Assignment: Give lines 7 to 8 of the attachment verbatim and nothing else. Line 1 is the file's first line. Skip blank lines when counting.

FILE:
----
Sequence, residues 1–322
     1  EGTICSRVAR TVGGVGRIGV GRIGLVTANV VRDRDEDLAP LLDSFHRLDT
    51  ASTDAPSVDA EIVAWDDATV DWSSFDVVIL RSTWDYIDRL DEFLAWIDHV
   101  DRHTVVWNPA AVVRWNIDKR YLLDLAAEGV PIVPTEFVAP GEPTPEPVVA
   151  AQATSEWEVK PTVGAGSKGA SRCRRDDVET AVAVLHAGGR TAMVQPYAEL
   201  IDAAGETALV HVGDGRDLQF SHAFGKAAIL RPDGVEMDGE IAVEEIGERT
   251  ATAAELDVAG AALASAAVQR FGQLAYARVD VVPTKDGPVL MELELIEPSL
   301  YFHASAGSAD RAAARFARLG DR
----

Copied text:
   251  ATAAELDVAG AALASAAVQR FGQLAYARVD VVPTKDGPVL MELELIEPSL
   301  YFHASAGSAD RAAARFARLG DR